From photocopied material sent to me in 1977 from Minter Uzzell of Tahlequah, OK, that came from his cousin Elizabeth Louise Brown Richardson (who is said to have willed her material to the Texas archives; she was a 1915 grad of the U. of Texas):
"Isom Uzzell, son of Thomas Uzzell (2) and Sarah Hines------
"Isom was born between 1763 and 1765. His mother had married Thomas Uzzell about 1762-64. He was a half brother to Elisha, Thomas, and Zilpha, and full brother to the twins, Nancy and Susannah. He is mentioned as a land owner in a grant to his brother Elisha dated Nov 10, 1784.
"According to tradition in both the North Carolina and Missouri branches of the family, Isom was the owner of large bodies of land. It is said that he owned fourteen different plantations or settlements. He is given as the head of a family in the 1790 census. At that time there were in his family, besides himself, three white males over 16 years and one male under 16 years. There were two females, one his wife. He owned 14 slaves. His granddaughter, Mrs. L.H. Peery, Huntsville, Mo., writes Nov. 24, 1915:--
"'Isom Uzzell had a half brother living in Illinois. It was this half brother he went to see when he left father's and was never heard of afterwards. He had been staying at my father's, who lived in St. Louis County, Mo., and he left on horse back and was never heard of afterwards. I have heard father talk a great deal about Nashville, but I do not know in which part of Tenn. he was located. I was five years old when Isom left and just can remember him. I have heard my mother say Isom gambled away a lot of land back there (North Carolina). It was said he owned fourteen plantations.' The North Carolina tradition relates that he and Ben moved from 'Nature's Beauty' to Tennessee, and later he or some of his descendants moved further west to Missouri or Illinois. The Missouri tradition, as given by Mrs. Peery states that Isom had only one son, Bennett, and two daughters, one marrying a Rice and the other a Simmons. There is a tradition of a John Uzzell, who is buried on the Hood place on Mill Branch, and this may have been one of his sons listed by the census.
"The North Carolina tradition relates that Isom was the champion prize fighter of the day in North Carolina and a great horse racer. 'Trotter's Level,' near Seven Springs, is said to have received its name from Isom's trotting his horses there. It is told how in a great interstate meet, pulled off in Snow Hill, Isom vanquished the champion from Virginia by foul means. After he and his second, a man named Pope, viewed his antagonist, they were very uncertain of the issue. Pope suggested that Isom conceal a pound weight in his hand, which was very large. With this he put his man out in the first round, Pope taking the weight from him at a convenient moment. Isom's association with gamblers had not been without injury to his honor. His forte in these rough and tumble fights was biting. An old man showed the writer (Robert Lee Uzzell)'s father his mutilated ear, which Isom had bitten off. It was surmised that the adventurous old man came to his death by attempting to swim a stream on horse back on his journey to Illinois."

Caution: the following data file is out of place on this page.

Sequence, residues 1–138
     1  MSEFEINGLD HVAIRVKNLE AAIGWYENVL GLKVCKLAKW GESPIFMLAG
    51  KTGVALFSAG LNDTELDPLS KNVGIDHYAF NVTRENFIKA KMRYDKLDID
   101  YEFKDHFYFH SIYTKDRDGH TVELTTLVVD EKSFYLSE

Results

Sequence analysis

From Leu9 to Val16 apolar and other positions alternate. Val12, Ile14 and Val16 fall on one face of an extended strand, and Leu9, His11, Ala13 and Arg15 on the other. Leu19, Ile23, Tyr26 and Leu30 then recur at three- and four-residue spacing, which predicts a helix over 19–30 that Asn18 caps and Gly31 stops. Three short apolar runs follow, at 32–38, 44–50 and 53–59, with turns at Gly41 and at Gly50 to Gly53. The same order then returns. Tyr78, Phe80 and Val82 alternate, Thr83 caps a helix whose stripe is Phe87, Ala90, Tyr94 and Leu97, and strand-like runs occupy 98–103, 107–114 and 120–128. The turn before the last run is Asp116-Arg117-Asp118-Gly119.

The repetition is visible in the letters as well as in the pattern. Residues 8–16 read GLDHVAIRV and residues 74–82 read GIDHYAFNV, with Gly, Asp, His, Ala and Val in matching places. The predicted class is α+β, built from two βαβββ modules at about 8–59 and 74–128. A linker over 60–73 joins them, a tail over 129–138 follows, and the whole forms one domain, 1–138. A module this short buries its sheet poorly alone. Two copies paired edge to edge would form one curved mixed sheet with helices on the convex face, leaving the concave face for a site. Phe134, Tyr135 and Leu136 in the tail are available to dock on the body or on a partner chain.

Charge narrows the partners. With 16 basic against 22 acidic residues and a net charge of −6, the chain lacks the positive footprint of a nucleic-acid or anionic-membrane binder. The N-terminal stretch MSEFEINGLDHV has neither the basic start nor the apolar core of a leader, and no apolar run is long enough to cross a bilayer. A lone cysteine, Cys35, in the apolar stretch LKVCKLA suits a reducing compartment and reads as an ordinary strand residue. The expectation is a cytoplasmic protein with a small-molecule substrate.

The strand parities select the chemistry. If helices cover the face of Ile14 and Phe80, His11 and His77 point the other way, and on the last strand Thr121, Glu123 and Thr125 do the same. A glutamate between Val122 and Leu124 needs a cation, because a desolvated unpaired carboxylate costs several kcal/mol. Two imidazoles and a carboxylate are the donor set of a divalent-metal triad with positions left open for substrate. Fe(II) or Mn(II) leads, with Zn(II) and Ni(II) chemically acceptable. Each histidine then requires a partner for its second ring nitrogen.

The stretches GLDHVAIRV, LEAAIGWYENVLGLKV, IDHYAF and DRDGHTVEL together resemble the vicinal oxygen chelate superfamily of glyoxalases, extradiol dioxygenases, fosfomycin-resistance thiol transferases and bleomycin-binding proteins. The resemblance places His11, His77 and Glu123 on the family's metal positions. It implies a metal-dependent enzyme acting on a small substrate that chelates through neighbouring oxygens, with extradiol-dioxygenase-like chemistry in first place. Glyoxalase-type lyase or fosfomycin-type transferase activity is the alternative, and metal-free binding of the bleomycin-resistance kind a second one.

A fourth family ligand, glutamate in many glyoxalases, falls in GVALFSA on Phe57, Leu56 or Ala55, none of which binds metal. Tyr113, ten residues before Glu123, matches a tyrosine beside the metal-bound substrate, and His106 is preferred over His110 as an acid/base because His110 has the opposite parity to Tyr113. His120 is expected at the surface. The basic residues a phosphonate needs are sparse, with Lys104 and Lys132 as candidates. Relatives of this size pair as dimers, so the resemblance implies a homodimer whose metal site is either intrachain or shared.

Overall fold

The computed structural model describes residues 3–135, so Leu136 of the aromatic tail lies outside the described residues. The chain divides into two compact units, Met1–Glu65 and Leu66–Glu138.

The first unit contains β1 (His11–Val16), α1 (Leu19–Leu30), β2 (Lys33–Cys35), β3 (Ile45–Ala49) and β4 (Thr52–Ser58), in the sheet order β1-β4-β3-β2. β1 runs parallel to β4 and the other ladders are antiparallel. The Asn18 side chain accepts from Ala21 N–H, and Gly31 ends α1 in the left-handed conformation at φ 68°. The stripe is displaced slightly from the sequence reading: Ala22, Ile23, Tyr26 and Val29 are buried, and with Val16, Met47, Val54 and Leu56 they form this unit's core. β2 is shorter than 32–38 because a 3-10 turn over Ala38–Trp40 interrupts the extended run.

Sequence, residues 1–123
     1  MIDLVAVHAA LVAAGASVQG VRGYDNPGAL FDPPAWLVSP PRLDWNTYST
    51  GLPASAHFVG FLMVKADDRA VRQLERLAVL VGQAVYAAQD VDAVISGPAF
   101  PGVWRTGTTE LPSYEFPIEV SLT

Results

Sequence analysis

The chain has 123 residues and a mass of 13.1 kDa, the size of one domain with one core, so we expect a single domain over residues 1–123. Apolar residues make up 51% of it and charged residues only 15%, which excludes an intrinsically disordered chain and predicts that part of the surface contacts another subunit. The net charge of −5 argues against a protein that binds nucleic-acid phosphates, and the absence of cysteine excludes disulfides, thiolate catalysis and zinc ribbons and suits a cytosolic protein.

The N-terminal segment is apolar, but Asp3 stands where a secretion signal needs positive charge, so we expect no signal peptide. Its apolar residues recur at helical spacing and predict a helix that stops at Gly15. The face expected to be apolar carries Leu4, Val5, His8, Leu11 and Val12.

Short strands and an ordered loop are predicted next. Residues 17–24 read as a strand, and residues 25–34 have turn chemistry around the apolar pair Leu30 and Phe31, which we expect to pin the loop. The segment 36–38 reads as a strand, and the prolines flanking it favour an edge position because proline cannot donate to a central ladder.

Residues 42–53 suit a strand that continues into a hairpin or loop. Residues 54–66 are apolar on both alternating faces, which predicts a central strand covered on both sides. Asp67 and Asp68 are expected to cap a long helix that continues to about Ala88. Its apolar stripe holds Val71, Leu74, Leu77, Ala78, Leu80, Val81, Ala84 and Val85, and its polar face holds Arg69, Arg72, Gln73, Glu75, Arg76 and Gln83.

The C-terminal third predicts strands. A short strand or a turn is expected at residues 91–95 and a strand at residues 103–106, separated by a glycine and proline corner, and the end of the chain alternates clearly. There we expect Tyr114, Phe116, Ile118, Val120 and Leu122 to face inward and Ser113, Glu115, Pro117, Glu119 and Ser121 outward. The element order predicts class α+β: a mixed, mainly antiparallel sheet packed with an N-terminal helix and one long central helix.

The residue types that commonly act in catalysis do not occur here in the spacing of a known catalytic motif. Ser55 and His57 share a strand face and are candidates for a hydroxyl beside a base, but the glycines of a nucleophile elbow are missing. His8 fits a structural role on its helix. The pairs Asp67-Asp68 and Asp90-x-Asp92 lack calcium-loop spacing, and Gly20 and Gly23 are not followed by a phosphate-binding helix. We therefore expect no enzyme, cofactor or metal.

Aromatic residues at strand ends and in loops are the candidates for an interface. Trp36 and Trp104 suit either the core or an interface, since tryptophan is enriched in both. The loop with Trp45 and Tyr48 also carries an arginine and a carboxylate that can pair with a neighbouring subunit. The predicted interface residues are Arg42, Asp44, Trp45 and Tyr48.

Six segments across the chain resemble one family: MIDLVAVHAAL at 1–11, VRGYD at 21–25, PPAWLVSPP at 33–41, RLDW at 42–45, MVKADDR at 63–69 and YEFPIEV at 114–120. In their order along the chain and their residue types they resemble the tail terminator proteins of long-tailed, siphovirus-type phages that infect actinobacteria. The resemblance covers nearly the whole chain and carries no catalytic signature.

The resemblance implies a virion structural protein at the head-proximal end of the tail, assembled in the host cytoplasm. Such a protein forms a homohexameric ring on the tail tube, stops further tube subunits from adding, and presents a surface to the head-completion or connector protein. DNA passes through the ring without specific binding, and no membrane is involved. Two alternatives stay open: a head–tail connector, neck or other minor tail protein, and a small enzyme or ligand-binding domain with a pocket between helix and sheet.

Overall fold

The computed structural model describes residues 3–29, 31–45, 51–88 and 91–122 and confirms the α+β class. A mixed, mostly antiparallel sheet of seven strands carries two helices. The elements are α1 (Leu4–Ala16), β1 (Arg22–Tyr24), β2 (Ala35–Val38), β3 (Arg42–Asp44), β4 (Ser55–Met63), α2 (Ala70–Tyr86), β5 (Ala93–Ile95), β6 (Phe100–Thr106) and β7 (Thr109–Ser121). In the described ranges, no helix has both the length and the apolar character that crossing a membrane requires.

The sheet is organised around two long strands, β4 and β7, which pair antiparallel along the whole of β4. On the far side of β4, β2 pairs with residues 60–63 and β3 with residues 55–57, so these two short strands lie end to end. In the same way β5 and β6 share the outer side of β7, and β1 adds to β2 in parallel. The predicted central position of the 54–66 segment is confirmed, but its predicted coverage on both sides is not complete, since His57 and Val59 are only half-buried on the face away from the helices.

Robert Lee Uzzell, of Roanoke, Va., was writing to Calvin Dunn Uzzell, grandfather of "Lizzie Lou" and Minter, in 1915 and 1916. The marriages for twins Nancy and Susannah are correct, but the information in the notes given to me says they were born 30 Dec. 1768, at "Nature's Beauty" in Bertie Co., NC. Mrs. Peery, who was a younger sister of my great-great-grandfather, was born in 1839. They were the children of Bennett B. Uzzell; the "B.," I am fairly sure, must have stood for "Blackman." The information quoted above proposes that Isom is the son of "Nature's Beauty" Thos. Uzzell and thus the grandson of "French" Thomas Uzzell, the immigrant. However, I have always wondered at the generational spacing, and suspect that the mysterious Benjamin Uzzell could be Isom's father and "Nature's Beauty" Thos.' son. The Uzzell information printed in the WWI-era Maxwell family genealogy is fuzzy enough to support this. But I am the first to admit that there's very little to go on here. The records needed may well be in Texas or Oklahoma!
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